The Connecticut General Assembly green lit legalizing adult-use cannabis last week.
New Democratic Governor Ned Lamont of Connecticut avoided, sort of, the usual politician-speak when asked if the public could expect to see him smoking a joint once cannabis becomes legal in the state.
“Time will tell,” Lamont responded to the question, a clip of which has been shared liberally on social media.
“Really, you’re open to it?” asked the clearly surprised interviewer, facing a half-smiling governor. Lamont then shrugged. “Not right now, but we’ll see,” he said with a somewhat nervous laugh.
Those commenting on the clip ran the gamut from supportive of the governor’s response to scathing. “By all means legalize it but have a little consideration for others,” read one tweet. “He’s cool. He hosted a battle of the [bands Woodstock-themed concert], I was there and knew our [governor would] blaze up if he still could,” read another. And while some touted the benefits of cannabis, “It can help you sleep better,” others turned more hostile, “[You’re] a very poor leader.”
Late last week, the Connecticut General Assembly gave the green light to legalize adult-use cannabis in the state. “It’s fitting that the bill legalizing the adult use of cannabis and addressing the injustices caused by the war of drugs received final passage today, on the 50-year anniversary of President (Richard) Nixon declaring the war,” Lamont said in a statement.
The new law is meant to be “a comprehensive framework for a securely regulated market that prioritizes public health, public safety, social justice and equity. It will help eliminate the dangerous unregulated market and support a new, growing sector of our economy, which will create jobs,” he added.
Connecticut is located amidst a sea of states that have already taken or are preparing to take the cannabis legalization plunge.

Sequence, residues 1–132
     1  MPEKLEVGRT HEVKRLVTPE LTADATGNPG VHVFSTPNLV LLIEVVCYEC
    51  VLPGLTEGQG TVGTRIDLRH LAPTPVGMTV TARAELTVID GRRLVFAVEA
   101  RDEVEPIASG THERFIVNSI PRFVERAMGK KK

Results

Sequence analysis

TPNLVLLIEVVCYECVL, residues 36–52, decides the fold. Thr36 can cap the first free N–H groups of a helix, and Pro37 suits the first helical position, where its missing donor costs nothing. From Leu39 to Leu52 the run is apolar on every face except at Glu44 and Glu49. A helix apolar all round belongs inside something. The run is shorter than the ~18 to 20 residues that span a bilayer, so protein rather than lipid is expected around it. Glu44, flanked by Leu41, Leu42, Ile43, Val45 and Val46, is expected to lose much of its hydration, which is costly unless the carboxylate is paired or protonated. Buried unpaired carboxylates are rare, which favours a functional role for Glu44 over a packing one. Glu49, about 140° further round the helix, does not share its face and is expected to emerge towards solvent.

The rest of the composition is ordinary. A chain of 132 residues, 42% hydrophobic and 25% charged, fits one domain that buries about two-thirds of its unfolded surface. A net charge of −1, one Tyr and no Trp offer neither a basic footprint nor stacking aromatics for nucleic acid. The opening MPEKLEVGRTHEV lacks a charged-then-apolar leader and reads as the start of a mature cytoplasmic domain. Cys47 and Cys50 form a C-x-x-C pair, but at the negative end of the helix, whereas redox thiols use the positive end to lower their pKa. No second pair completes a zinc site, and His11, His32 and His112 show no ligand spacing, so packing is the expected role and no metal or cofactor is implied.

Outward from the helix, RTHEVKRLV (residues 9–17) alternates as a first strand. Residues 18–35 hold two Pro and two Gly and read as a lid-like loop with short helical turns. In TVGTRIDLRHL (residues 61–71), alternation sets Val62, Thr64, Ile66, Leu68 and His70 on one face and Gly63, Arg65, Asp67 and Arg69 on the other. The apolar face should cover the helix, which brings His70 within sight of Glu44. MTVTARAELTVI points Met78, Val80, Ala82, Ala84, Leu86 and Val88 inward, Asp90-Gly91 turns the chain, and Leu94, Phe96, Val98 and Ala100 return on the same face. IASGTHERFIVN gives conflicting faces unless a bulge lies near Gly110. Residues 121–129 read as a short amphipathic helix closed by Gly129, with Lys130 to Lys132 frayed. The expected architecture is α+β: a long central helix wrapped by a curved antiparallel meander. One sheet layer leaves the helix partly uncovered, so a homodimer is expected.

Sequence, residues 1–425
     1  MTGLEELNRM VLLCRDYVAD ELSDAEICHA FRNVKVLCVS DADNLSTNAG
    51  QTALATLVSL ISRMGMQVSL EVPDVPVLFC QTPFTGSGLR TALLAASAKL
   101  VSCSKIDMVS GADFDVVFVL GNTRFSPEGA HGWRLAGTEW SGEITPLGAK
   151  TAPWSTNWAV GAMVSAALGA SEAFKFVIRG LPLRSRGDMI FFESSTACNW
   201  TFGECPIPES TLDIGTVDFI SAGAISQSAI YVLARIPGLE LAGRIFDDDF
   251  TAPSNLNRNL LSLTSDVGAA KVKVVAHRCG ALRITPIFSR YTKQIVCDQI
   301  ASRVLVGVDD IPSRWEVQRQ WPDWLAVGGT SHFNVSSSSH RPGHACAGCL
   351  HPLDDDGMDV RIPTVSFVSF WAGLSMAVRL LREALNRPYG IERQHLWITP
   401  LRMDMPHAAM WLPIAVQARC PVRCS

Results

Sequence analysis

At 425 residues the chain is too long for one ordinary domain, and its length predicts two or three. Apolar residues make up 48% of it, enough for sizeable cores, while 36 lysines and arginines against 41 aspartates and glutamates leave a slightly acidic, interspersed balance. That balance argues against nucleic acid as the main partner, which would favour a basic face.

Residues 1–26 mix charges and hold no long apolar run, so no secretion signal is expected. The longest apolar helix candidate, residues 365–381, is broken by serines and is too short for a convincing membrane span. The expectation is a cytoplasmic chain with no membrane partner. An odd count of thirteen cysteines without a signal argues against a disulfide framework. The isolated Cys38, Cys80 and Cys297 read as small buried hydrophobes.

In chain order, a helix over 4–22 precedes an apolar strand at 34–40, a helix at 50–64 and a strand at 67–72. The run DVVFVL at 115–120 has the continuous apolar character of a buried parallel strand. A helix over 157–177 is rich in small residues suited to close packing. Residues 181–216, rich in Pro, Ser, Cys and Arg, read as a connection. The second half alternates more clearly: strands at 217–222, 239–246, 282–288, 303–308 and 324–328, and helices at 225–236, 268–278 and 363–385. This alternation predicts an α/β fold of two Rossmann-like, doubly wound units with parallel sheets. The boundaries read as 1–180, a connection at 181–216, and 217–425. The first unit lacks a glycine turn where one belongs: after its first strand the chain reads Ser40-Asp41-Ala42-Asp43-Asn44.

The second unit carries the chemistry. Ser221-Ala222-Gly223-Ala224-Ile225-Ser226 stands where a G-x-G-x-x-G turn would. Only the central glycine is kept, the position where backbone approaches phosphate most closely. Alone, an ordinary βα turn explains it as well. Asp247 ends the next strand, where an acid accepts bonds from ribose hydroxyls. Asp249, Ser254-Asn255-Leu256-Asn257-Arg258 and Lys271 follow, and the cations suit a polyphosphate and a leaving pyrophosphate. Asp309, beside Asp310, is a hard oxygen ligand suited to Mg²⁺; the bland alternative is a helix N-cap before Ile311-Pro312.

It is expected Lamont will sign the bill into law sometime this week, making Connecticut the fourth state this year to move forward with legalization, Marijuana Moment reports.
Come July 1, those 21 or older in the state will be able to carry 1.5 ounces (43 grams) of dried flower (amounts are less for concentrates) and as much as five ounces (142 grams) in a locked container in their home or their vehicle trunk. Getting weed legally, though, will have to wait until next year when legal retail stores are expected to open their doors, according to Leafly.
Under federal law in the U.S., cannabis remains illegal. President Joe Biden has been clear that he would like to decriminalize cannabis but appears less enthusiastic about federally legalizing the plant.
Just this past April, White House Press Secretary Jen Psaki opted to avoid a question about whether or not President Biden would sign or veto a bill calling for weed legalization, Marijuana Moment reported at the time.
A survey released earlier this year found that 61 per cent of respondents in the U.S. say they favour legalizing cannabis, making it the most pressing national policy issue from a list of options. That percentage dwarfed the 39 per cent of people who gave any such proposal a thumbs-down.
Subscribe to Weekend Dispensary, a new weekly newsletter from The GrowthOp.